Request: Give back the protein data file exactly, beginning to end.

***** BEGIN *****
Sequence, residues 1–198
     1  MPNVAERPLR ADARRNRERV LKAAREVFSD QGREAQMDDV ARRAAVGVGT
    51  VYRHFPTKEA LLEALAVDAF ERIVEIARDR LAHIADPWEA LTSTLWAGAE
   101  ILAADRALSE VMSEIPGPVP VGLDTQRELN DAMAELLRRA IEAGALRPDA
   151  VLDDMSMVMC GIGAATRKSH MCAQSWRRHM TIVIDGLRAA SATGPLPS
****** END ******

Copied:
Sequence, residues 1–198
     1  MPNVAERPLR ADARRNRERV LKAAREVFSD QGREAQMDDV ARRAAVGVGT
    51  VYRHFPTKEA LLEALAVDAF ERIVEIARDR LAHIADPWEA LTSTLWAGAE
   101  ILAADRALSE VMSEIPGPVP VGLDTQRELN DAMAELLRRA IEAGALRPDA
   151  VLDDMSMVMC GIGAATRKSH MCAQSWRRHM TIVIDGLRAA SATGPLPS